Two Mile Wines has produced wines in the Uptown district since 2009, pushing urban winemaking into the heart of Oakland and First Friday. More recently, Oakland Spirits Company has started producing gins, brandies, and other spirits in the neighborhood, demonstrating that a mix of art, manufacturing, and trades can thrive amidst rapid gentrification.

Uptown is in the so-called Oaksterdam district of medical marijuana clubs which have contributed to a resurgence in retail and pedestrian activity in the area[citation needed].

Uptown is also the home to the Oakland Ice Center, which houses youth and adult amateur hockey leagues, figure skating lessons, and public skating sessions.

Architectural landmarks[edit]

Fox Oakland Theatre

The tallest building in the Uptown district is the Gothic Revival Cathedral Building.

Uptown includes a number of classic Art Deco buildings, although some are now in disrepair. These include:

  • The Paramount Theatre is a massive movie theater. When it was built in 1931[citation needed], it was the largest multi-purpose theater on the West Coast, seating 3,476[citation needed]. Today, the Paramount is the home of the Oakland East Bay Symphony and the Oakland Ballet. It regularly plays host to R&B, jazz, blues, pop, rock, gospel, classical music, as well as ballets, plays, stand-up comedy, lecture series, special events, and re-runs of classical movies from Hollywood's Golden Era.
  • The Fox Oakland Theatre is a 3,800-seat former movie theater, located at 1807 Telegraph Avenue. The theater was designed by Weeks and Day, is listed on the National Register of Historic Places, and reopened on February 5, 2009 after extensive renovation.[9] In addition to being a major live music venue, the building houses the Oakland School for the Arts.
  • The May Bowles Building at 1718 Telegraph Avenue was designed by Douglas Dacre Stone and features a blue-green terracotta frieze, and geometric window screens[citation needed].
  • The Oakland Floral Depot on Telegraph Avenue at 19th Street features an extensive cobalt blue and silver terracotta frieze with geometric and floral motifs. It was designed by Albert J. Evers and built in 1931. It originally functioned as a flower shop. J.J. Newberry was later a tenant.[10] The building now houses The Uptown nightclub and the Flora restaurant.

The space above Newberrys housed Sweets Ballroom venue which hosted many big bands and jazz greats from the '30s through the '60s. Some of the performers were Duke Ellington, Cab Calloway, Ella Fitzgerald, Jimmie Lunceford and many others. The ballroom was locally owned by the Sweet family for the whole period.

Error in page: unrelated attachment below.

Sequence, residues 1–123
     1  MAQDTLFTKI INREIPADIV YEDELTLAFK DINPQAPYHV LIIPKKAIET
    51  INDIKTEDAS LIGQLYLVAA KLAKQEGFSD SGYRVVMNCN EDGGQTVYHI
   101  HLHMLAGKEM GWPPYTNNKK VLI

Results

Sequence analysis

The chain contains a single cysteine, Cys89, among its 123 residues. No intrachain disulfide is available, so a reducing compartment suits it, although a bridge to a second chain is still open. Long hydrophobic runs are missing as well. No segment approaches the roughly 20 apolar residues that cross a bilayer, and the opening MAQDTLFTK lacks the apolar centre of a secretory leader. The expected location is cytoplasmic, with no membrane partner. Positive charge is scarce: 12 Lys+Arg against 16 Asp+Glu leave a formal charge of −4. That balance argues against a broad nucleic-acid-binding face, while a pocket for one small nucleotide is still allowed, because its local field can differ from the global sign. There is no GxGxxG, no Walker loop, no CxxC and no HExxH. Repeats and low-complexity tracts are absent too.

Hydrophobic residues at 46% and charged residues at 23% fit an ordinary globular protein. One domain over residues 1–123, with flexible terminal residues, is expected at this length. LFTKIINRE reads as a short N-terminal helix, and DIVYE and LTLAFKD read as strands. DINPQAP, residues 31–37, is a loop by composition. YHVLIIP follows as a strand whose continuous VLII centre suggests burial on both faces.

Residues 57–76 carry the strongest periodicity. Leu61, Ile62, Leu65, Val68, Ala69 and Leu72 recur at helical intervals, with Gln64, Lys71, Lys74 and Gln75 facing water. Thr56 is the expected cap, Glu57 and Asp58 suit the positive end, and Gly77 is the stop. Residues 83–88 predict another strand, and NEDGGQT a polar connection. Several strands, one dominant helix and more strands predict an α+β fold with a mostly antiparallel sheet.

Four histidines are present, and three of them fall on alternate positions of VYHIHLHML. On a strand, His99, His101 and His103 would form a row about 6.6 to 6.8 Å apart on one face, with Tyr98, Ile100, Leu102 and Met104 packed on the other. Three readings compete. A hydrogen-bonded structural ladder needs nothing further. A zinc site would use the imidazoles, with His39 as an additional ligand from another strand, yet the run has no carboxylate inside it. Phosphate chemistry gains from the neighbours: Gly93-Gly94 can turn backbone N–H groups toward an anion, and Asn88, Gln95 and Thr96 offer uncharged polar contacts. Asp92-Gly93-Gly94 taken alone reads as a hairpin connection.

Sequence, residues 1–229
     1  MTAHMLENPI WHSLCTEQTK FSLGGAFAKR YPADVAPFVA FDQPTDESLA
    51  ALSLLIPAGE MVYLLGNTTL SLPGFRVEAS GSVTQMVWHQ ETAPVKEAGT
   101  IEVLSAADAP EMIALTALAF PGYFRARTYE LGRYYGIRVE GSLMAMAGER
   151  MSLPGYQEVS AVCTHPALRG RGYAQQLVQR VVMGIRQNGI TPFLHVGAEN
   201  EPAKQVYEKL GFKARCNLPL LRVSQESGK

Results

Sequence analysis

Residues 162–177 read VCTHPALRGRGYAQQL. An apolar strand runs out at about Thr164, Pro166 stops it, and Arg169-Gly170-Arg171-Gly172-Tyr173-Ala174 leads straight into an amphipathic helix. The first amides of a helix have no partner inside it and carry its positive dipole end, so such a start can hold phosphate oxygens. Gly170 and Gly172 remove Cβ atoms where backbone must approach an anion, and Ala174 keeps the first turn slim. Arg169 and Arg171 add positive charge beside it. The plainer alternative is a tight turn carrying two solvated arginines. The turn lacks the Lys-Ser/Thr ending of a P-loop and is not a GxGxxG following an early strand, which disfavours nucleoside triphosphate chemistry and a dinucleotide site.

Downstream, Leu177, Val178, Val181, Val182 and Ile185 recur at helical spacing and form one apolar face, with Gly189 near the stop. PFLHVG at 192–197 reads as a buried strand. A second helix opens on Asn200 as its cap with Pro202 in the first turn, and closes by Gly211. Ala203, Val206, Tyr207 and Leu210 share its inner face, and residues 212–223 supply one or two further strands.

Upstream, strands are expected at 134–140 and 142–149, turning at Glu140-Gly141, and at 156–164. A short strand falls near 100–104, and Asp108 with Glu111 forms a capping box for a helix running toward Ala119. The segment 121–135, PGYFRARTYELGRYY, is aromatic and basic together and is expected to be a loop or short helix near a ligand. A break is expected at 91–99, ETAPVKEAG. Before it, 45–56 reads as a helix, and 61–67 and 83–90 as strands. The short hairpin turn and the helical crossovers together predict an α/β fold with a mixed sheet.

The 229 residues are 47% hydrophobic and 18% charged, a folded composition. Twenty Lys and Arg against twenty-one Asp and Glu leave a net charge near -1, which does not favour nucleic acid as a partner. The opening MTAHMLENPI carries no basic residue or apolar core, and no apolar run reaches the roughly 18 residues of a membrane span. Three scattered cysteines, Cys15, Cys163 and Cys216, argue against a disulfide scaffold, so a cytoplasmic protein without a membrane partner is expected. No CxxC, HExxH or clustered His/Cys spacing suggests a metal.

The 19th Street/Oakland BART station is in Uptown, in a subway under Broadway. Oakland's Art Moderne Greyhound bus depot is on the other side of the neighborhood, on San Pablo Avenue at Interstate 980. AC Transit operates the Uptown Transit Center and numerous local buses, including a free weekday shuttle called "The B" that connects the Uptown district with Old Oakland, Chinatown, City Center, Lake Merritt, and Jack London Square.

See also[edit]


  1. ^ http://www.bizjournals.com/sanfrancisco/print-edition/2011/11/25/moving-ahead-in-oakland-post-occupy.html
  2. ^ "Downtown Oakland's Uber building is bought by CIM Group, rehab will continue". The Mercury News. 2017-12-19. Retrieved 2018-10-10.
  3. ^ http://www.theuptown.net/
  4. ^ http://remember-them.org/
  5. ^ Carolyn Jones. "Oakland to honor 25 leaders in huge sculpture". San Francisco Chronicle. January 2, 2010.
  6. ^ . East Bay Times. June 20, 2014 http://www.eastbaytimes.com/news/ci_26005594/oakland-sears-is-sold-closure-expected-this-summer. Missing or empty |title= (help)
  7. ^ . San Francisco Business Times`. September 29, 2015 http://www.bizjournals.com/sanfrancisco/blog/real-estate/2015/09/uber-oakland-lane-partners-walton-street-capital.html. Missing or empty |title= (help)
  8. ^ Gensler http://www.gensler.com/projects/uptown-station. Retrieved May 19, 2016. Missing or empty |title= (help)
  9. ^ "Platinum Award: Reviving Oakland's Uptown Showstopper". Building Design + Construction. Retrieved 2018-07-26.
  10. ^ "The Architecture of Oakland: Floral Depot building". Oakland North. Retrieved 2018-10-10.

External links[edit]